In other words, the prosecutors don't bring the charges they know fit the crime -- they bring the most extreme charges to use as a bludgeon to get someone to accept the plea bargain, turning justice into a high-stakes gamble.  If you lose, tough luck -- that's what you get for forcing them into a trial.  Andringa doesn't even feel bad about it:

"While I have sympathy for him, the system did what it does. Everyone did their job. ... We made a decision based on laws passed by the Legislature and signed by the governor. We made the right filing decision as evidenced by the jury's verdict. I don't see this as an issue of whether our office did the right thing ... I have no personal or professional regret about what we've done in this case."

Currently, Richard Paey receives more pain medication in prison than he was convicted of obtaining.  He finally has some relief from his physical condition.  Let's help him get relief from our justice system.  His clemency petition is in the governor's hands and he says of the case:

"It's always important to be open minded to review those kinds of cases when people have had their rights abridged. It's important to give them relief as quickly as possible."

Let's lend Paey our support.  He, his wife, and his three young children would thank you and, just maybe, we can send a message that there's public support for politicians who will take on this broken system.  We need to let them know we want them to stop being tough on crime and start being smart on crime.

Contact Florida Governor Charlie Crist:

E-mail: charlie.crist@myflorida.com

The Honorable Charlie Crist
The Capitol 400 South Monroe Street
Tallahassee, Fla. 32399

Phone: 850-488-7146
Fax: 850-487-0801

Update: noweasels on daily kos has provided the contact information for the Commissioners as well as a link to the pdf of the petition. And Jennifer Clare has provided the commissioner's email addresses.

In addition to the Governor, Mr. Paey will require affirmative votes from two of the following members of the Clemency Commission:

The Honorable Bill McCollum, Attorney General

Department of Legal Affairs
The Capitol
Tallahassee, Florida 32399-1050
(850) 414-3300
Office of Cabinet Affairs
(850) 245-0145  

The Honorable Alex Sink, Chief Financial Officer

Department of Financial Services
  The Capitol
Tallahassee, Florida 32399-0300
850-413-2850
Office of Cabinet Affairs
(850) 413-2824

The Honorable Charles H. Bronson, Commissioner

Department of Agriculture and Consumer Services
The Capitol
Tallahassee, Florida 32399-0810
(850) 488-3022
Office of Cabinet Affairs

(850) 410-6747

  Email addresses:

Bill McCollum: ag.mccollum@myfloridalegal.com
Alex Sink: cfo@fldfs.com
Charles Bronson: commissioner@doacs.state.fl.us
Charlie Crist: charlie.crist@myflorida.com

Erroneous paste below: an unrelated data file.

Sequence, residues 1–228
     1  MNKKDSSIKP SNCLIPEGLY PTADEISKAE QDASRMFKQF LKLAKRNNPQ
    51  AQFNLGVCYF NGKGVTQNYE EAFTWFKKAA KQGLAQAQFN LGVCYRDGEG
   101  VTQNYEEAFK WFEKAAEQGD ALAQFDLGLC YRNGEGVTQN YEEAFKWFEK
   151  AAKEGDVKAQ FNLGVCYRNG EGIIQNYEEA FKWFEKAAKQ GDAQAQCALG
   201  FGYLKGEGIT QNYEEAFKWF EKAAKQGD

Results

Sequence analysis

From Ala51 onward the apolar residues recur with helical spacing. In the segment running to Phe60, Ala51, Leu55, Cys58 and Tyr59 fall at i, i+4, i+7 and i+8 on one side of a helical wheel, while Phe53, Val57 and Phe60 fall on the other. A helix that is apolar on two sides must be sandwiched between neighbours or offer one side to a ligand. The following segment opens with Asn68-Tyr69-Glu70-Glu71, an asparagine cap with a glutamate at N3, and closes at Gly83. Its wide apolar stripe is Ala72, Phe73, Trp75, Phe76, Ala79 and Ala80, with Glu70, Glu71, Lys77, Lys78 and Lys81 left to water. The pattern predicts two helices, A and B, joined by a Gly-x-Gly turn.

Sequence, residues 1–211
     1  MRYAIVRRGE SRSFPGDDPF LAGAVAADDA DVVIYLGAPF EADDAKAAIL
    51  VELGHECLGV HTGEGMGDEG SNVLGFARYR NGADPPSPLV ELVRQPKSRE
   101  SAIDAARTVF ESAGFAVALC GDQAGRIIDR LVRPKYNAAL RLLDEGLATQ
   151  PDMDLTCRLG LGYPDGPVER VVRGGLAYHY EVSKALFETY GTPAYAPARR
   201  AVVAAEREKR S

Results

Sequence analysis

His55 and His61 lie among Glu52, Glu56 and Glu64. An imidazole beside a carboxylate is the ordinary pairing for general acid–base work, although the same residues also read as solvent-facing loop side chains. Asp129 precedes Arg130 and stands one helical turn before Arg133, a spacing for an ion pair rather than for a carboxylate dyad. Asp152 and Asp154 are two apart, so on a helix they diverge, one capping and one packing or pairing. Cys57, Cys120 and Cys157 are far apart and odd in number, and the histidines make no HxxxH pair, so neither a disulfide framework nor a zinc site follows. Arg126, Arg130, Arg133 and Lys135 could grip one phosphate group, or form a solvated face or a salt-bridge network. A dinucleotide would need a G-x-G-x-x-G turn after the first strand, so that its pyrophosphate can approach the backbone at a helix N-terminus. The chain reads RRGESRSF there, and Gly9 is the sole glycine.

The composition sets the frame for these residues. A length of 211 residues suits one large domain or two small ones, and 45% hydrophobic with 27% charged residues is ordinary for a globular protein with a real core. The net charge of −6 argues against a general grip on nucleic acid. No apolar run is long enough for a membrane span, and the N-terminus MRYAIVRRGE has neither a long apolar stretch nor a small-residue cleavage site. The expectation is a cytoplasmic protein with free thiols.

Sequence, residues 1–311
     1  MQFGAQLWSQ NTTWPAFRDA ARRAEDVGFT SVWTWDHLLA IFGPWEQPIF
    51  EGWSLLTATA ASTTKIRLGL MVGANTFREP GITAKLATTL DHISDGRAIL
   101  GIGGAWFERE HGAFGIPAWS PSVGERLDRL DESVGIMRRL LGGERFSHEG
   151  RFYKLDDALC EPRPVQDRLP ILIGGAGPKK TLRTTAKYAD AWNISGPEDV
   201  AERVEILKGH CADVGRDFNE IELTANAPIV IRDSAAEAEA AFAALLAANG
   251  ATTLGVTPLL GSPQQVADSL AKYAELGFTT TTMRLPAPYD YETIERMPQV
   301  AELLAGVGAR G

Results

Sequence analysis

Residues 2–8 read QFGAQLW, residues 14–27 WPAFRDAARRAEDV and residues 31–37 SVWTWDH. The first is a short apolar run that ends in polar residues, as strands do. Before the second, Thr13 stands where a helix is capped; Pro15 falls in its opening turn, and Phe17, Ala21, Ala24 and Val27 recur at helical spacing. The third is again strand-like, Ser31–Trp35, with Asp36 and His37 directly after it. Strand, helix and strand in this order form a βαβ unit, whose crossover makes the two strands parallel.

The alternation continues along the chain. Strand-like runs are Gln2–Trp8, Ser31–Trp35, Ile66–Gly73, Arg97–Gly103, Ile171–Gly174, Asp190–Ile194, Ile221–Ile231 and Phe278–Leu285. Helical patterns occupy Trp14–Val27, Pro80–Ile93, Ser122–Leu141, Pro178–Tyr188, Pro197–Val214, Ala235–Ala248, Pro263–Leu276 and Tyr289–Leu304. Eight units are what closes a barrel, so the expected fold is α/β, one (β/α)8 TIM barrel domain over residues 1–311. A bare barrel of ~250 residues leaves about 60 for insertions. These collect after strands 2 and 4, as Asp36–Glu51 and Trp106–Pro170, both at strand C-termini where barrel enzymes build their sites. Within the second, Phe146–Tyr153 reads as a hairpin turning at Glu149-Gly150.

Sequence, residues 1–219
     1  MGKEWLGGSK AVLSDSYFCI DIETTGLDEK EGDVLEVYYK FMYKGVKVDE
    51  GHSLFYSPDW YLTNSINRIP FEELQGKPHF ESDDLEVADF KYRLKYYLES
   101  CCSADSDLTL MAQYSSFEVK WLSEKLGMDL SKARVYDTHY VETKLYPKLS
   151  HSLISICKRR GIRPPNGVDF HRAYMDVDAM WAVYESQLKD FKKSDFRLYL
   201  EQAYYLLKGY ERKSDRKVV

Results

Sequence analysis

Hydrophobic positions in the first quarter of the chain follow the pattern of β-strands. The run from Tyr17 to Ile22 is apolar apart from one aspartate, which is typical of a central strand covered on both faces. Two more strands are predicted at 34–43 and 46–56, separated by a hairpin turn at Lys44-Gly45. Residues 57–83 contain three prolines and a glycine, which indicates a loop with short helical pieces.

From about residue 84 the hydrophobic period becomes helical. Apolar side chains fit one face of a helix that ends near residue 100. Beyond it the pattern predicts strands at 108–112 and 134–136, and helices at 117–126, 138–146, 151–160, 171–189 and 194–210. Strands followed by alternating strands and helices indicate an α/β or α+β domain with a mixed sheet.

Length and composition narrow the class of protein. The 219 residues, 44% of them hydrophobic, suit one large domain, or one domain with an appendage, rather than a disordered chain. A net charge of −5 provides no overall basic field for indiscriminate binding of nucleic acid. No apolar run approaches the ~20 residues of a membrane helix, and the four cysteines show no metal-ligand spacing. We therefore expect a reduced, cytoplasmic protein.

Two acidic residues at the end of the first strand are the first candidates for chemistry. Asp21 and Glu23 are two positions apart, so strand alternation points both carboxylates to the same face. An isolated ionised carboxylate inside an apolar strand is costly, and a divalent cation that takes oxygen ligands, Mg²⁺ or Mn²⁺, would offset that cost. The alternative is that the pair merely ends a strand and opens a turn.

crossposted from Unbossed.

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This diary is a bit US-centric for ET, but I'm hoping some of our readers will be willing to write to the governor.

Maybe we can eventually make language a complete impediment to understanding. -Hobbes
by Izzy (izzy at eurotrib dot com) on Thu Jun 28th, 2007 at 01:31:29 PM EST
Terrible story! From what I understand Crist is quite a bit more reasonable than his predecessor (Jeb Bush - remember Terry Shiavo?), so at least he has that going for him...

"The basis of optimism is sheer terror" - Oscar Wilde
by NordicStorm (m<-at->sturmbaum.net) on Thu Jun 28th, 2007 at 03:28:59 PM EST
Appalling!

My mother also suffers from chronic back pain (she has what's known as a degeneritive spine) and had serious trouble in the past convincing her former "pain doctor" to treat her.  He knew what the problem was, and he knew her pain was genuine and debilitating, and he also knew that there was no danger that she would be abusing the particular pain treatments she required, which involved injections directly into her spine.  But he would still routinely refuse to treat her, saying she was "too tense."  Never mind that the main reason she was "tense" was because she was IN PAIN.  It made no sense to me -- "I'm sorry, I can't give you your pain medication because you're clearly in too much pain."

They went round and round on this so often that it created great hostility in their relationship, to the point that she would become "tense" at the very idea of visiting his office, because she was afraid of him.  And naturally, being "tense" with doctor-induced anxiety when she visited his office would lead to more denial of treatment, and the pain would become more unbearable, leading to still more tension....  I honestly thought she was going to end up in a wheelchair.

This went on for about two years before I convinced her that she needed to find a new doctor.  Maybe one who wasn't a sadist.

She's doing OK now.

Anyway, I have relatives in Florida.  I'll make sure they hear about this, if they haven't already.  The governor should be getting a few more letters from constituents.

by the stormy present (stormypresent aaaaaaat gmail etc) on Fri Jun 29th, 2007 at 10:03:31 AM EST
It's hearing things like this that just make me think -- what the hell is wrong with people!?!

Maybe we can eventually make language a complete impediment to understanding. -Hobbes
by Izzy (izzy at eurotrib dot com) on Fri Jun 29th, 2007 at 02:43:15 PM EST
[ Parent ]
Izzy, do you know of any way we could get something like a transcript of his trial or testimony.  I would feel more comfortable writing the Gov. and commissioners if I knew I was stating/referring to the undisputed facts of the case.  In addition, referral to legal documents makes any "friend's" request more convincing.

I sympathise and can see this whole thing happening. My wife lives with pain and depends upon daily doses pain killers. - Fortunately her pain is not yet as severe as Mr. Paey's and is relieved by non-narcotic medication.

I can swear there ain't no heaven but I pray there ain't no hell. _ Blood Sweat & Tears

by Gringo (stargazing camel at aoldotcom) on Fri Jun 29th, 2007 at 09:48:42 PM EST